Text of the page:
PATIENT INFORMATION FOR GASTROSCOPY
WHAT IS A GASTROSCOPY?
Gastroscopy is a procedure used to examine the oesophagus, stomach and duodenum (the start of the small bowel). Gastroscopy may involve the taking of small tissue samples (biopsy).
HOW ARE YOU PREPARED?
Prior to the gastroscopy you will be provided with full instructions. You will need to fast for at least eight hours prior to the procedure, but required medications may be taken with a sip of water on the morning of the procedure. If you are a diabetic you will be given special instructions. The procedure will be performed with you comfortably sedated by a specialist anaesthetist.
WHAT DO WE DO?
The gastroscope is a flexible tube about the thickness of your index finger. This tube contains a small camera, which transmits light, and images back to the doctor. It is inserted through the mouth into the oesophagus to allow inspection of the oesophagus, stomach and duodenum. The endoscope will not interfere with your breathing.
SAFETY AND RISKS:
Complications of gastroscopy are rare and occur in approximately 1 in 2,000 examinations. Complications related to the anaesthetic drugs may occur but are rare. The endoscope may cause trauma to the mouth and throat and rarely dental damage may occur. Perforation (making a hole in the oesophagus or stomach) is a rarity but if it occurs, may require surgery. Death following anaesthetic or gastroscopy complications is extremely rare (reported to occur in approximately 1 in 20,000 examinations; mainly in elderly or frail patients with major coexistent illness). If you have any questions or reservations, please inform your doctor prior to the procedure. Please advise if you are currently taking aspirin or warfarin.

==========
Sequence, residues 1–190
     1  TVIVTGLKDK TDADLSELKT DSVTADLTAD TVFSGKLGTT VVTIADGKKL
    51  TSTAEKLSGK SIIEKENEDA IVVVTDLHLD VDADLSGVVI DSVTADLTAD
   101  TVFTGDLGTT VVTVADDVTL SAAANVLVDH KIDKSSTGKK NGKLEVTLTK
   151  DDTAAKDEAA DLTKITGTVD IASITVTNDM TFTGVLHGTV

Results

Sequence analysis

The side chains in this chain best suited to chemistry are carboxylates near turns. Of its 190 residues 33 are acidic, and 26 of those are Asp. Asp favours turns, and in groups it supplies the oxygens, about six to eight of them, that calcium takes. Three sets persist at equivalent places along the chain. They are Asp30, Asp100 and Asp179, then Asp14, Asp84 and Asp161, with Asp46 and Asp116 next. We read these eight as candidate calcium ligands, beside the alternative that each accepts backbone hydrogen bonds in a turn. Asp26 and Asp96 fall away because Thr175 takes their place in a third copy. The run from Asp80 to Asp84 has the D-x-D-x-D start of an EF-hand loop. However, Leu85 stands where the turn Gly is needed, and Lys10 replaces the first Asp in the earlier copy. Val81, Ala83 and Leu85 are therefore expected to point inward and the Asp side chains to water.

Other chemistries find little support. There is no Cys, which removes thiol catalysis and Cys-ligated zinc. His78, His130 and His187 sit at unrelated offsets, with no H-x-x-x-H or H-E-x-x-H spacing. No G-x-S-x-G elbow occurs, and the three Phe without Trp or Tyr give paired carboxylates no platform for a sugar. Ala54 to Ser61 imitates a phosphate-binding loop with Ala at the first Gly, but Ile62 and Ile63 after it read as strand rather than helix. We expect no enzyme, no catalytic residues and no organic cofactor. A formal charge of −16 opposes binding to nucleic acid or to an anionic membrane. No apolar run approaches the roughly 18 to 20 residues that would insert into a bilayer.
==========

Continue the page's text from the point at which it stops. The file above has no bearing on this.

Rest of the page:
Radiological investigations (CT scan, ultrasound or barium meal) can be used to image the stomach. Whilst these investigations are associated with less risk than gastroscopy, they are generally less sensitive at detecting disease and don’t allow taking of biopsies.
Following gastroscopy you will be fatigued for the remainder of the day. You should allocate a full day for your procedure; i.e. don’t plan to go back to work, attend social engagements, play sport or travel. You should be driven home by a relative or friend and have company for the remainder of the day. The sedation may result in forgetfulness for some hours. Mild throat discomfort and windy discomfort in the abdomen may occur in the hours following the procedure but if there is severe pain you should contact Doctor Dowling immediately.
You should be fit to resume normal work the day after your procedure. Please note that a medical certificate will only be provided for a longer period of time in exceptional circumstances.
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